Why did Easter Commission report extremists as ‘Buddhist’ extremists and ‘Islamic’ terrorists?

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  • Banning BBS or other extremist organisations will not solve problems

By M. M. Zuhair PC, former MP, Latheef Farook, Journalist & Author, Mass L. Usuf, Attorney at Law and Advocacy Columnist, and Mansoor Dahlan, Theology Scholar

The Presidential Commission on Easter Sunday attacks has referred in its report (page 464) to the ‘rise of Buddhist extremism’ in Sri Lanka “from 2012, due to the actions of the BBS”. It has also referred to Sihala Rawaya, Mahasohon Balakaya, Sinhale Jathika Balamuluwa and Sinhale Jathika Sanvidanaya among others as “anti-social Sinhala Buddhist movements”.

We are deeply concerned as to why these organisations should be called “Buddhist”, when some of the actions attributed to these entities, as detailed in the report, are clearly outside the teachings, philosophy, ethics and lifestyle laid down in the 2,500-year-old respected religion that is Buddhism.

The report has also referred to the Siva Sena Movement in Batticaloa as a ‘Tamil Hindu’ organisation, as well as the National Thowheed Jamaat of the key suicide bomber Zahran Hashim as Islamic entities. Buddhism, Hinduism, Islam and Christianity have throughout the past several centuries governed the lifestyle of virtually the entire humanity of ordinary beings, though kings and rulers have often hijacked religions for their political purposes.

Why credit Buddhism or the other religions for the ultra-nationalist, racist or communal actions of the majoritarian or minority groups or persons? Why did the Easter Commission report name the extremists as ‘Buddhist’ extremists and terrorists as ‘Islamic’ terrorists?

When it came to the LTTE, we never called them Hindu terrorists or Christian terrorists! We called them LTTE terrorists even though they massacred Buddhist monks at Arantalawa and Muslims at worship in four Mosques in Kattankudy. Why not call them majoritarian extremists or BBS extremists or Sri Lankan Jihadists or NTJ terrorists?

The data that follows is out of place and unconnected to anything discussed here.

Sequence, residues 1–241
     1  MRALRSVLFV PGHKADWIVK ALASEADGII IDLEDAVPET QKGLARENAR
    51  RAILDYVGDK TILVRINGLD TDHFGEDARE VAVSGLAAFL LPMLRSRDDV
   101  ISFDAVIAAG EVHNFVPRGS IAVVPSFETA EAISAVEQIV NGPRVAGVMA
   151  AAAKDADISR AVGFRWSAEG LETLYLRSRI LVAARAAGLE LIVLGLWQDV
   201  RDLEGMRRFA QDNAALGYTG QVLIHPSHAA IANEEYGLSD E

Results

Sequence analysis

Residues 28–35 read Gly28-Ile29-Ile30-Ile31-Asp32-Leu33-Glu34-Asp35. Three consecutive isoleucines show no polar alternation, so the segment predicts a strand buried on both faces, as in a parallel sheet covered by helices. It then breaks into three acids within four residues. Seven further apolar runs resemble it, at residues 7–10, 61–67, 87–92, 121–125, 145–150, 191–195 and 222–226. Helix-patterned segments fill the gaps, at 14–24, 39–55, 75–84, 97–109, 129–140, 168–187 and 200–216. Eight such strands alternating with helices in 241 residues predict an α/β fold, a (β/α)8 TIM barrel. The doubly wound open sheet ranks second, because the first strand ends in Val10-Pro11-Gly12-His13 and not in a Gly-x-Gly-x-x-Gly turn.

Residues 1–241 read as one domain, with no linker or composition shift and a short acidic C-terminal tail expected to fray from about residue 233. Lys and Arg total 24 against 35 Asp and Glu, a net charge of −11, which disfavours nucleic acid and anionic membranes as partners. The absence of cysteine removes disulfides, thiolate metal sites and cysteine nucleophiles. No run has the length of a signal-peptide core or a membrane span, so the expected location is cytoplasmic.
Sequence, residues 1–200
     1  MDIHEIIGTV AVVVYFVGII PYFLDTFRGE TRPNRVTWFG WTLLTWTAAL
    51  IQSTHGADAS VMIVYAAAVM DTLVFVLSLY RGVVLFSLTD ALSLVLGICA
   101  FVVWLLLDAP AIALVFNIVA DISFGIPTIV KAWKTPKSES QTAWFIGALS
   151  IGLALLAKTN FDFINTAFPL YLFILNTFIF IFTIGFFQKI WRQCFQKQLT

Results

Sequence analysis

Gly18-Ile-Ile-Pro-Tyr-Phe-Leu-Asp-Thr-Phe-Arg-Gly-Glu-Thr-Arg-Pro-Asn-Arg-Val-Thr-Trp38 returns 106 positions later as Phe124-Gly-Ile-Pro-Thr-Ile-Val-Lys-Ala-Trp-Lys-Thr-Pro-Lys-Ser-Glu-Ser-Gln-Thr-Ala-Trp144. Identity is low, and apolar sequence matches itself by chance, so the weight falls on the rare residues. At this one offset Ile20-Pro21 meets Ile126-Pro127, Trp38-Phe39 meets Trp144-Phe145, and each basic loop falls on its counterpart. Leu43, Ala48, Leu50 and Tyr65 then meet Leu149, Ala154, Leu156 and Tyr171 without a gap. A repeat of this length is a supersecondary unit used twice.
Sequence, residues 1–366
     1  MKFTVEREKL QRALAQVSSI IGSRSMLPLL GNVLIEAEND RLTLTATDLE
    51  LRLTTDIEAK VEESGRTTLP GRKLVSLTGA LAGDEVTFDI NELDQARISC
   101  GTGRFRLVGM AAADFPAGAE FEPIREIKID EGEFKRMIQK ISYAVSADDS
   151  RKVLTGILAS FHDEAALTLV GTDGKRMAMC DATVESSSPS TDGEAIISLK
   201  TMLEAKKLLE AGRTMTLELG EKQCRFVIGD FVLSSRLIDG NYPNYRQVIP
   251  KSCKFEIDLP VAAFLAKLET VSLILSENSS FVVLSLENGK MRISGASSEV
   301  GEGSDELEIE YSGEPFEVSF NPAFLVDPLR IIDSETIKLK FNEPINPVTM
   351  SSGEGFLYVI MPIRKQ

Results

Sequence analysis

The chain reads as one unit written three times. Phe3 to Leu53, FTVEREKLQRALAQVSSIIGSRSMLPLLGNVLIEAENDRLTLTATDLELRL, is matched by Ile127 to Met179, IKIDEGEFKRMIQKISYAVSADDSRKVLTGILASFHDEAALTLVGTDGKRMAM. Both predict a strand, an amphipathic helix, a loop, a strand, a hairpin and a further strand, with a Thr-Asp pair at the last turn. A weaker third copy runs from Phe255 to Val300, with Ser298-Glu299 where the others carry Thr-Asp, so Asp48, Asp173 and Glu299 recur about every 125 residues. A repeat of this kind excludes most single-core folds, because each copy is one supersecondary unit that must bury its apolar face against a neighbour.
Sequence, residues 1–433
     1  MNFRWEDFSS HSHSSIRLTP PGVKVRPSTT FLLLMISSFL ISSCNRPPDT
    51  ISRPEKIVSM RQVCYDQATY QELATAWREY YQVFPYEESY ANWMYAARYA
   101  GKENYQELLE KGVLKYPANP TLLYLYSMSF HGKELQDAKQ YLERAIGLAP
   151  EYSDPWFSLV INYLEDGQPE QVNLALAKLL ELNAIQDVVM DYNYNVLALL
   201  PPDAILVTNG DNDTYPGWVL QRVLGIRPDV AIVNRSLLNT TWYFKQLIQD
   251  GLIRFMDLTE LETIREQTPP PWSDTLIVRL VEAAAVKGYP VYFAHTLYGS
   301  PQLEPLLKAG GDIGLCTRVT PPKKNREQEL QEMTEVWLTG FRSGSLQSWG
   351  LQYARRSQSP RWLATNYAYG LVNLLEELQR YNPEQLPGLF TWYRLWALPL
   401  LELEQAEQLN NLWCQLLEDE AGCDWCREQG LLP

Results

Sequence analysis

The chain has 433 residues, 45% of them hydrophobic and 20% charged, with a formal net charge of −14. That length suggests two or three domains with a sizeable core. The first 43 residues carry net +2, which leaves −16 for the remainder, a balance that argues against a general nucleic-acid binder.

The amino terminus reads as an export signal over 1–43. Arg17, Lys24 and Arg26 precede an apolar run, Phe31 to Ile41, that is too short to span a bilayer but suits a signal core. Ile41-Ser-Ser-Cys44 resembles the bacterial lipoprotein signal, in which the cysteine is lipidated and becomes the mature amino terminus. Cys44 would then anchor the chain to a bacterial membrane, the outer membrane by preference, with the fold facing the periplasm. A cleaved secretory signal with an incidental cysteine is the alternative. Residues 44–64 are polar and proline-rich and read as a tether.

Bringing religion to the forefront is part of the agenda of the West and NATO countries at war, from the 1950s against communism and since 1990 against Islam. The West was at peace with Islam until the so-called collapse of communism in the late 1980s! Why bring these ethnoreligious wars into our country and open the flood gates for Western R2P interventions in our internal affairs? That is exactly what the Commission report will unwittingly achieve!

We find it unacceptable to give parochial extremists, criminals or terrorists any form of refuge in any religion as was damagingly done some-time ago by Time magazine displaying to the world in its front cover titled the ‘Buddhist Face of Terror’. We believe that it is a part of a western long-term agenda to set up platforms for conflict creation in third-world countries for the benefit of their powerful arms industries even while their governments argue and demand compliance with human rights and humanitarian norms.

The report is western-inspired. That, too, at a time when the West is seeking to slit Sri Lanka’s throat at the UNHCR if not this March, then at least in September. The report overlooks the dangerous reality that Western interests are in direct conflict with Sri Lanka’s interests of establishing unity, peace and harmony amongst the Sri Lankan people. Peace is essential for the country’s economic advancement.

There are sufficient laws and institutions in Sri Lanka to deal with violent extremism and terrorism. Some of our laws are excessive or draconian. The Commission has rightly recommended a revision of the controversial Prevention of Terrorism (Temporary Provisions) Act of 1979, the abuse of which made the LTTE a more dangerous organisation. As pointed out but not duly highlighted in the report, the failure of the State to take effective action to deal with anti-minority hate campaigns which commenced in 2012 and the lenience shown by the police and the courts in dealing with majoritarian extremists involved in anti-minority hate campaigns led to racist attacks on minority Muslims in Aluthgama in 2014, Galle 2017, Ampara (February) 2018 and Digana (March) 2018.

Banning BBS or other organisations as recommended in the report is not the solution. It will only send them underground. They may mutate into more dangerous forms. Proscribing NTJ is understandable. Its leader Zahran Hashim led a gang of terrorists.

It happened to the pre-1989 JVP! Former President Ranasinghe Premadasa, though he reduced the electoral cut-off point from 12.5% to 5% at the request of M. H. M. Ashroff Leader of the Sri Lanka Muslim Congress, President Premadasa did say at a late-night meeting with Ashroff attended by (one of) the undersigned M. M. Zuhair, that he wanted JVP to give up violence and enter Parliament. Today the JVP is an active, mature and non-violent political party.

Firm action to eradicate hate speeches and violence without discrimination coupled with promoting reconciliation and national integration while respecting diversity is the way forward in the Sri Lankan context. Getting guidance from western arms industry agents in the country will only help in radicalising all sectors of the country’s population. The Commission has taken the wrong track.

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Disclaimer: Why did Easter Commission report extremists as ‘Buddhist’ extremists and ‘Islamic’ terrorists? - Views expressed by writers in this section are their own and do not necessarily reflect Latheefarook.com point-of-view

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